That said, the soup seemed to be done. I thought that it was pretty good, but had too much broth; I'd make it with at least a third less water next time. It could have used a bit more flavor; perhaps some stewed tomatoes would have been good, as well (were I not cooking for my child, too) as some jalapeno.
My daughter liked the soup, but my wife "didn't dislike" it. She found that I didn't cut the kale down to small enough pieces, and found the soup more like a stew, and difficult to eat. She thought that this was a good first try with the Instant Pot.
The rice was good. I don't remember when I last used Bhutanese short-grained rice. I do like it, but much prefer Madagascar pink or jade pearl. I liked the pea shoots but neither my wife nor my daughter did.
Ideas for the future
I need obviously to ensure that the new Instant Pot is properly working. I am looking forward to using it for preparing dry beans
, soaked or not. My wife doesn't like steamed vegetables, unfortunately, but I do want, at least as side dishes (that hopefully she's tolerate), to steam kale and other vegetables with this pot. Here are some things that I soon want to try with the Instant Pot:
- I found a good baked bean recipe using navy or northern white beans (the beans are soaked overnight then rinsed, pressure cooked for 10m then froth removed, and finally pressure cooked for 45m with onion, garlic, molasses, maple syrup, mustard powder, vinegar, black pepper, salt, and water)
- Jill Nussinow ("The Veggie Queen") has a book as well as online recipes for vegan pressure cooking
- I was happy to find a blog of healthful vegan dishes called Plant-Based Junkies with a black-eyed pea soup recipe that looks tasty and easy (all the ingredients are cooked under pressure for 6 minutes - diced sweet potato, chopped spinach, broth, black-eyed peas, tomato, garlic and onion powder, cumin, paprika, oregano, thyme, and liquid smoke)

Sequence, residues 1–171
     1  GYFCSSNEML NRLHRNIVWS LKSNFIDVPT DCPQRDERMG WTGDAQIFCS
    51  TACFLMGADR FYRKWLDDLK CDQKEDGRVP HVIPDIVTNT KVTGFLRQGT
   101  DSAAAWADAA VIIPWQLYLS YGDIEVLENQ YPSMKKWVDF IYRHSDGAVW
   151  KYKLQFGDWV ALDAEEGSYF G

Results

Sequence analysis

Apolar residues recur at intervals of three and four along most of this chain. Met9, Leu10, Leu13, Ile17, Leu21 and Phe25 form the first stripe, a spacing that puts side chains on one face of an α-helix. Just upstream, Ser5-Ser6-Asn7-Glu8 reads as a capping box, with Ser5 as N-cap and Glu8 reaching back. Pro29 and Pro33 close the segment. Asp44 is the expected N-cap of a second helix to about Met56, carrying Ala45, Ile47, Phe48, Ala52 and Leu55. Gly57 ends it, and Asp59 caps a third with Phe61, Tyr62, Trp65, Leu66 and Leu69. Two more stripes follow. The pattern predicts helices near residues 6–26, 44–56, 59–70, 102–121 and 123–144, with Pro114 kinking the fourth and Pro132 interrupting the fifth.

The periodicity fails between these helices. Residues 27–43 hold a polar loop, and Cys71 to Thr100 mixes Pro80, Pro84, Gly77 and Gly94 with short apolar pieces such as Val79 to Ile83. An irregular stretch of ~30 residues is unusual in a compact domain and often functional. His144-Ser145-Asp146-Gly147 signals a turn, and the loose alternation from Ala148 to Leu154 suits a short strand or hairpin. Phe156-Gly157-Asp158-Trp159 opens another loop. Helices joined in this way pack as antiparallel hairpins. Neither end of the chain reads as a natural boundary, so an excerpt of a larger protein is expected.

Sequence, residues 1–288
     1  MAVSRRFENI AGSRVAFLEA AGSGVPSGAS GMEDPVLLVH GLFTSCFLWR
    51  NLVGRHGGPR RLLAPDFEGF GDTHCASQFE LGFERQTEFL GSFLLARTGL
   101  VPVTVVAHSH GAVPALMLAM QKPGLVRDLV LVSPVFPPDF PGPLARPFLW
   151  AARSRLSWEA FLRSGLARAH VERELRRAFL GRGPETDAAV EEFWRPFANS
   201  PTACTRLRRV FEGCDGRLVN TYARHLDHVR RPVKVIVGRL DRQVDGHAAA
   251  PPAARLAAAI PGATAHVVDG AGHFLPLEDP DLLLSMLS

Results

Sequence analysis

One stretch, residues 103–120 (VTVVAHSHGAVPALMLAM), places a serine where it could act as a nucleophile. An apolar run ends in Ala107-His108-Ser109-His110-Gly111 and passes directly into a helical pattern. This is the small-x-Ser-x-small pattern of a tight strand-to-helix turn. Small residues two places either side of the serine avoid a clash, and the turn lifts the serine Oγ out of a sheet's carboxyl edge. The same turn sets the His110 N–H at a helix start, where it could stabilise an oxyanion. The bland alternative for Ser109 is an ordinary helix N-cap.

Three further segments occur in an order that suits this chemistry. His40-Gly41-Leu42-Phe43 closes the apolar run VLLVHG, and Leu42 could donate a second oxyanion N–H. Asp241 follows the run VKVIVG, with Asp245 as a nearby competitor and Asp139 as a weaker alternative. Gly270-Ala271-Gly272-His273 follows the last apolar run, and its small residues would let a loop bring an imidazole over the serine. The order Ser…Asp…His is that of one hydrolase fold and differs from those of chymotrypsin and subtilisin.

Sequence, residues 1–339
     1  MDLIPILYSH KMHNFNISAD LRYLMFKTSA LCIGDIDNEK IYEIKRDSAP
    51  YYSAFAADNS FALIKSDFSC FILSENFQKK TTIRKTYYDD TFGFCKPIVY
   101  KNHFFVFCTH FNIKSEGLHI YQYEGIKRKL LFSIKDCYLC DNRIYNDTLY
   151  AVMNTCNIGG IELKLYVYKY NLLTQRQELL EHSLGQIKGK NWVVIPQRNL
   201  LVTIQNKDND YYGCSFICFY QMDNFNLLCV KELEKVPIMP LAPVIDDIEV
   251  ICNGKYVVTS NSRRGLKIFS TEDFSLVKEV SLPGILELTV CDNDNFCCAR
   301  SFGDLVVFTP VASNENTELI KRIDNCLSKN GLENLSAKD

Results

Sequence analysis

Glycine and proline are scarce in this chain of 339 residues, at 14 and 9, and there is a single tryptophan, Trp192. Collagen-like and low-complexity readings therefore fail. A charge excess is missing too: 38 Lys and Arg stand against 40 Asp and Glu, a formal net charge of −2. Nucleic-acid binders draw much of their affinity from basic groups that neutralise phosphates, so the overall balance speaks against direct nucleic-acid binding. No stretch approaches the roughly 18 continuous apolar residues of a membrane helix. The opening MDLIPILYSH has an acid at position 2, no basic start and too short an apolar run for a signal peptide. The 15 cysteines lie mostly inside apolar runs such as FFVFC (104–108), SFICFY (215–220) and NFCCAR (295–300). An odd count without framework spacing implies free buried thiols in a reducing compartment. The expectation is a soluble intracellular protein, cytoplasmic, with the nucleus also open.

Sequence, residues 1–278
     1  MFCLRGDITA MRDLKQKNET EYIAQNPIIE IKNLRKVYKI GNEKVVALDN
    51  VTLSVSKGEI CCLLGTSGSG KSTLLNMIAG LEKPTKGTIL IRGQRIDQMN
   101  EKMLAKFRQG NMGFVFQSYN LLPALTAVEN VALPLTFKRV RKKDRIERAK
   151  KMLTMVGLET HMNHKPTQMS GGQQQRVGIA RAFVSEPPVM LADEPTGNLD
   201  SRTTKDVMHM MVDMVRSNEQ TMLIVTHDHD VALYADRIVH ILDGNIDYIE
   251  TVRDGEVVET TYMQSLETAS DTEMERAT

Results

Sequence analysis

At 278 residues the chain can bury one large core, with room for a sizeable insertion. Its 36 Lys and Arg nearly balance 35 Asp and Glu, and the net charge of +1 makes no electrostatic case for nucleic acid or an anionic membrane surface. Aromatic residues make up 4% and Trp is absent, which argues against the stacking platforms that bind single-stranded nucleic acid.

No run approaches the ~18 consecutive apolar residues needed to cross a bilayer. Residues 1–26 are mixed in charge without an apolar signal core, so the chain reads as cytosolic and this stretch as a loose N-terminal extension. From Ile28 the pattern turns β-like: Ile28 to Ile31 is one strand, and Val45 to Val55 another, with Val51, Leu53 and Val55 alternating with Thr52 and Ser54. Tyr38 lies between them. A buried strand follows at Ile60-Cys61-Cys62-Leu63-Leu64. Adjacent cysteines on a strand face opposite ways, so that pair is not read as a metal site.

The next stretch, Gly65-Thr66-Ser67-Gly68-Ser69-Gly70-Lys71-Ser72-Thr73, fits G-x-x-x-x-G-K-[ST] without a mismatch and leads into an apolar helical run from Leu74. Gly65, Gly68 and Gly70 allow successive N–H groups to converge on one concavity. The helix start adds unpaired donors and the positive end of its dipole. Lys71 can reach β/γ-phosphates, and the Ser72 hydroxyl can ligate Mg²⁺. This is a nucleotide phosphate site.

- Healthy Girl's Kitchen has a very nice red lentil chili recipe from my friend Chef AJ
- Plant-based fitness expert Lani Meulrath has a nice review of the Instant Pot that includes a variety of recipe ideas such as cooking lentils and potatoes
- A recipe for "Gagoots" (zucchini) that combines the pot's sauté and pressure modes sounds good
- Instant Pot has a number of recipes online - I hope to contribute some of mine - and a small recipe book that comes with the machine
- fastcooking.ca has a good list of hints about pressure cooking
- As to yogurt, hip pressure cooking has a video about making yogurt in the Instant Pot. A fellow Food for Life instructor suggested using Miyoko Schinner's cashew yogurt recipe, which sounds great (I've met Miyoko and had tasty cheese that she demoed)
I know that this is the tip of the iceberg even just about pressure cooking. I am impressed with the solid build quality of my new appliance and the promise of all that it can do, and look forward to exploring especially mixed cooking (maybe a sauté, followed by slow cooking and ending with pressure cooking) with my new Instant Pot.